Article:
I had no idea what to expect and I’m sure I must have seemed like a crank to many of those I spoke to that day (the people at the Sultanate of Oman’s stand certainly weren’t impressed). Nevertheless, bumbling from stall to stall on the trail of national literary associations, publishers and agencies who might be able to help, I did make some useful connections. These included a fascinating discussion with Justin Cox from the African Books Collective, who ended up pointing me in the direction of several of my reads for the project. I came away from that day tired but happy, and clutching an armful of books.

The great thing about the Book Fair, as I discovered that day, is that it is vast and diverse enough to have something to offer all comers (well, certainly all those who like books). If you want to spend the day finding out about threats to writers in authoritarian regimes, you can do that. Interested in the latest gizmos and reading accessories? Look no further. Passionate about Mexico? You’ve come to the right place (particularly as that’s the focus country for this year). Keen to find out how you can best self-publish and market your novel? Check.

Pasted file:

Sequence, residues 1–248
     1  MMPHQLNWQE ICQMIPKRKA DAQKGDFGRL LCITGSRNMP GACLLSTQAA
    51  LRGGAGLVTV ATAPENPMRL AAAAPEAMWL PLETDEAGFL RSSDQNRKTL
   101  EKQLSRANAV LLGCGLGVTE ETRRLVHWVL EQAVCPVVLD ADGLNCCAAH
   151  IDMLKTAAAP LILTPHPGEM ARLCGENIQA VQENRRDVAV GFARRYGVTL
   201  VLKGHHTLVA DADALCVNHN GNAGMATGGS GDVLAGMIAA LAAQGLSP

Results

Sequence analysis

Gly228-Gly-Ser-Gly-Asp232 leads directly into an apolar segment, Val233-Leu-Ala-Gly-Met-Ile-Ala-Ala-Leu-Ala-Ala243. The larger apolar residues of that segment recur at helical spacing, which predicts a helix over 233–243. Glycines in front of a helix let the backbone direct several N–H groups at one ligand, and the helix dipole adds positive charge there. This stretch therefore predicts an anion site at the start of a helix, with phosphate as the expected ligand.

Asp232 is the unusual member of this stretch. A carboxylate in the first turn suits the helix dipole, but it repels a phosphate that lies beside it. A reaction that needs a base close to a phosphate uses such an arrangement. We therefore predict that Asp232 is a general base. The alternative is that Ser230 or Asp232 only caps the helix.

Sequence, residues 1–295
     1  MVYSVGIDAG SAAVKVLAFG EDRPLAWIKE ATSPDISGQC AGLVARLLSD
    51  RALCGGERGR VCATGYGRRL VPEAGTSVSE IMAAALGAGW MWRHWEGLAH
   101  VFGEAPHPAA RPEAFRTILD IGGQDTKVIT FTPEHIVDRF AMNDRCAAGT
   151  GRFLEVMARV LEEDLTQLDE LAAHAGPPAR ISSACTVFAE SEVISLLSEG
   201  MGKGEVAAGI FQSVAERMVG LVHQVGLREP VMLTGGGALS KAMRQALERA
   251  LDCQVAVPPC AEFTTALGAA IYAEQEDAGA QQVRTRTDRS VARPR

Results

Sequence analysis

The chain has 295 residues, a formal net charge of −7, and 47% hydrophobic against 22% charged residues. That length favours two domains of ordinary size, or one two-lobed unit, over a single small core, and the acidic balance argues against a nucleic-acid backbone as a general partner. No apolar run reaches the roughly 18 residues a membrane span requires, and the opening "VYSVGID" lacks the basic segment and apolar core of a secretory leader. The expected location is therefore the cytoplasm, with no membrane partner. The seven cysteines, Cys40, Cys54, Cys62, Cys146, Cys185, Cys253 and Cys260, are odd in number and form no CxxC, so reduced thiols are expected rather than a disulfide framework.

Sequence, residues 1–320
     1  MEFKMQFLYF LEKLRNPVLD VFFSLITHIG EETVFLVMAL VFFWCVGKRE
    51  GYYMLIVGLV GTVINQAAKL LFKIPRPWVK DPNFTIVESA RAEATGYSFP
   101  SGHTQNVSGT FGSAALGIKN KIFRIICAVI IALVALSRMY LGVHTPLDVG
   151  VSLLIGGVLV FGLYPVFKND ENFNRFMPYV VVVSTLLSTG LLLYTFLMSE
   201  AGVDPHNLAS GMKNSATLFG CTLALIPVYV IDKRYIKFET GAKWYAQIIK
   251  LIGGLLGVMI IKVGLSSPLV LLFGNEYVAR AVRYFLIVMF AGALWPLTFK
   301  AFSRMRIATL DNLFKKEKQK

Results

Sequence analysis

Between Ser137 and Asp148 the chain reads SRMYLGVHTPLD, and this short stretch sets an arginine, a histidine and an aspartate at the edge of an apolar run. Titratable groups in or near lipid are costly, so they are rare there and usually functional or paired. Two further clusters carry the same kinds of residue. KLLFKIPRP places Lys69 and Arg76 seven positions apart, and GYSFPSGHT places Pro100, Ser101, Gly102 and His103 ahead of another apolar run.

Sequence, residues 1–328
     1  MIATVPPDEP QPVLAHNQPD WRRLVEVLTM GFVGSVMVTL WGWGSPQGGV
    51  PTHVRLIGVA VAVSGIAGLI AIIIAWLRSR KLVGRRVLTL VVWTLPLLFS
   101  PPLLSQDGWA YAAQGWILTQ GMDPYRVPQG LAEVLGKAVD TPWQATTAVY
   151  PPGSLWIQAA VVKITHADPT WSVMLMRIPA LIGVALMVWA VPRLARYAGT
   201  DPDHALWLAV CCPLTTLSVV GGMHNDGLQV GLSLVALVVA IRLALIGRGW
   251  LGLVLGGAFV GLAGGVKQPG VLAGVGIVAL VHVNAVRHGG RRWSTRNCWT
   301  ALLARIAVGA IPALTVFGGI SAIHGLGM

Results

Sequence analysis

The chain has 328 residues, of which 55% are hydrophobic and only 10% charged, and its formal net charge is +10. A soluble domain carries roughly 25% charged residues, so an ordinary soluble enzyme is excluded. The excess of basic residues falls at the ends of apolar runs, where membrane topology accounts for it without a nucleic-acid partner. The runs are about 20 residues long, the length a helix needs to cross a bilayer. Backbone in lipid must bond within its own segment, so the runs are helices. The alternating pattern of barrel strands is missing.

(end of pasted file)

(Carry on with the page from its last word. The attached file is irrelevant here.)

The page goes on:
As a result, everyone does come, from the most tentative of aspiring newbies to great literary stars, and from one-woman back-room publishing outfits to the biggest names in the game. You’ll see them all: agents, authors, bloggers, editors, publicists, readers, translators and even a few lost tourists milling around under the great arched roofs of Kensington Olympia, holding meetings, sealing deals, helping themselves to sweets from little bowls on the end of counters, trying to work out where they are on the floor plan (see below), and generally talking, reading and thinking about books.

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This year, as I wasn’t on the trail of titles from particular nations, I decided to focus my attention on the packed programme of talks and events. So I spent yesterday flitting between small areas of seating with names like the English PEN Literary Salon, Author HQ and the Literary Translation Centre to catch as many things as I could.